Ernest Clayton (b. 1868) studied at the South Kensington Art Schools (now the Royal Academy of Art) and the London Museum.
After a failed effort to raise peaches in Bakersfield, he moved in 1897 to San Francisco and resumed his art work, producing stained glass windows and other forms of art glass.
When the 1906 earthquake and fire destroyed San Francisco, Clayton and his family, along with hundreds of other refugees, escaped across the bay to Marin County. They spent the summer in a tented camp in San Anselmo, beside the Corte Madera Creek and built a cottage on a hillside lot at 434 Laurel Avenue. A keen amateur botanist and skilled horticulturist he designed and planted a lovely garden up the steep hill to his house. He lived in San Anselmo until his death in 1956.
After the earthquake, Clayton re-built his glass company in San Francisco. He retired in the 1930s but continued with his art. From 1938 until 1952, when he was 84, he painted a collection of two hundred watercolor studies of California wildflowers. Most of the collection was purchased by the San Francisco Public Library prior to his death. It may be seen at the History Room and in occasional exhibits at the Library and online at the Library's web site.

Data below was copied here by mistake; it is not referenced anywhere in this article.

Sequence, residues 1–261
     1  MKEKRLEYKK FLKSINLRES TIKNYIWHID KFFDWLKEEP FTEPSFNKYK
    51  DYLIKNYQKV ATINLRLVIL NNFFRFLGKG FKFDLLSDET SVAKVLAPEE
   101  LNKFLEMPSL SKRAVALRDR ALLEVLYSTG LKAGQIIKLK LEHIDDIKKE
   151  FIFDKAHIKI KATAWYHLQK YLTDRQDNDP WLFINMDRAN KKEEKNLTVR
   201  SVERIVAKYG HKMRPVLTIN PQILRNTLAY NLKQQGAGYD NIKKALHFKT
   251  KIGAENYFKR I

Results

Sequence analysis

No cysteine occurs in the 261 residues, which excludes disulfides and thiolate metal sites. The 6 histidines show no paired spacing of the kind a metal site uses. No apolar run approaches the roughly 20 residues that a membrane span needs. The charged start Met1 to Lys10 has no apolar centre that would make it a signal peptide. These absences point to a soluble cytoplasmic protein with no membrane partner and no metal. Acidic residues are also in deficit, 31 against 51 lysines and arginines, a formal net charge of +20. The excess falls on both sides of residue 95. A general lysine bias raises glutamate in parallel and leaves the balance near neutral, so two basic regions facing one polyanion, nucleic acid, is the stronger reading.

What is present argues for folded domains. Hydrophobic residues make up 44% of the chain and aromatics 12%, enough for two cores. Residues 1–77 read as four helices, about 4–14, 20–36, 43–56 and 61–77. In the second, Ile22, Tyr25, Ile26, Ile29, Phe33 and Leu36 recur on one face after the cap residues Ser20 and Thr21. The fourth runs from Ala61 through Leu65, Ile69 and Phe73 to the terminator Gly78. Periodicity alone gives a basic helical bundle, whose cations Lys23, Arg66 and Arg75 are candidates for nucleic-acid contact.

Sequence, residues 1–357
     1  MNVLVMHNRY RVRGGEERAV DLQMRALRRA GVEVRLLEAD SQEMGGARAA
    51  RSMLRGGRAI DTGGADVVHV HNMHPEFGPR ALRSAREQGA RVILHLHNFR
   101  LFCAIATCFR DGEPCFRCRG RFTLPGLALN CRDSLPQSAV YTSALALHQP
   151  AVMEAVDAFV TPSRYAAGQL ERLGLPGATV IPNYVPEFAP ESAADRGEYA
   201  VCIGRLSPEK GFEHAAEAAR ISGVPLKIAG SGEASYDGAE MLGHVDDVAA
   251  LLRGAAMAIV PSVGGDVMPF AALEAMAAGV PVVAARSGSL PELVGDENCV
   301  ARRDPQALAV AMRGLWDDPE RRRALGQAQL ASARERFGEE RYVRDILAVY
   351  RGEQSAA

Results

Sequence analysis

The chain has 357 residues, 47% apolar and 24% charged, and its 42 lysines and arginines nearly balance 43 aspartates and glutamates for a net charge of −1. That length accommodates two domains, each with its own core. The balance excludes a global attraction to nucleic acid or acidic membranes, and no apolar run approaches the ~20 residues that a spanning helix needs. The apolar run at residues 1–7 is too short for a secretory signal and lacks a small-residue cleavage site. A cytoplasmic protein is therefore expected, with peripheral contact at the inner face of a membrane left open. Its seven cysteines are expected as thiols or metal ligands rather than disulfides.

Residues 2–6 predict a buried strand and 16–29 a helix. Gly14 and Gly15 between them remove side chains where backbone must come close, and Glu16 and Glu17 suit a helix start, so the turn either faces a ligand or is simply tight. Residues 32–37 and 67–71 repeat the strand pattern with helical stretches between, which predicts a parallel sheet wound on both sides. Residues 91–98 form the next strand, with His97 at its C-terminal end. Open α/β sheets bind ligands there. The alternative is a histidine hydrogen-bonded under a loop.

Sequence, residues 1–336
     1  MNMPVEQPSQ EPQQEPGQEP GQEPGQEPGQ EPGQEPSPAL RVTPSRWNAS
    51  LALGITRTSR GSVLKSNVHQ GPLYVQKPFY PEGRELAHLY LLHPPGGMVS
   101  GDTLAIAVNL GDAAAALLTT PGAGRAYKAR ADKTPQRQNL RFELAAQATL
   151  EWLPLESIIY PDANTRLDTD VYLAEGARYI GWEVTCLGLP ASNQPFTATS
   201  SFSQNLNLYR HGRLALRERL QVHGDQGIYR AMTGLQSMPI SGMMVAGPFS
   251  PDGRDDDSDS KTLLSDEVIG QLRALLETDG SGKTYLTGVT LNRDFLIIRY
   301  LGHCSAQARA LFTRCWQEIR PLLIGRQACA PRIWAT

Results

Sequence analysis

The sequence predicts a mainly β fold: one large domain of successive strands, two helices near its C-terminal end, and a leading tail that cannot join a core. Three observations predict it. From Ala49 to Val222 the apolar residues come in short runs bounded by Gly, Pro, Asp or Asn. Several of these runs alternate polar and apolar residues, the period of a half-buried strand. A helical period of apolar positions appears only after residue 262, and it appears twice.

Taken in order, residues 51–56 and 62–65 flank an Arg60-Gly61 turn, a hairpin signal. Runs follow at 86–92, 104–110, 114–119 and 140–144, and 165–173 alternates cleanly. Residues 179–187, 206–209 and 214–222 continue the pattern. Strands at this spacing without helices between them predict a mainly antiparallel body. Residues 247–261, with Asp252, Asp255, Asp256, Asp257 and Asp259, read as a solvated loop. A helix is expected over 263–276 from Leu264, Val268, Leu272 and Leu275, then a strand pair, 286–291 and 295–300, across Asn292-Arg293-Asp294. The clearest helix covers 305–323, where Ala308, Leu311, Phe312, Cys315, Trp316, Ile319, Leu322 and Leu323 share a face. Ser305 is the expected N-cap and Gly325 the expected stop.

Ernest Clayton was our grandfather. Seventy years ago around San Anselmo there were still large sweeps of wildflowers to be seen where now there are roads, houses, and gardens of exotic plants.
The specimens for Clayton's studies were primarily from Marin County, and often from flowers collected on walks he took with us around Bald Hill when we were small children.
Our hope is that through this project we can bring the beauty of Ernest Clayton's studies and some of the beauty of California's wildflowers to a larger audience.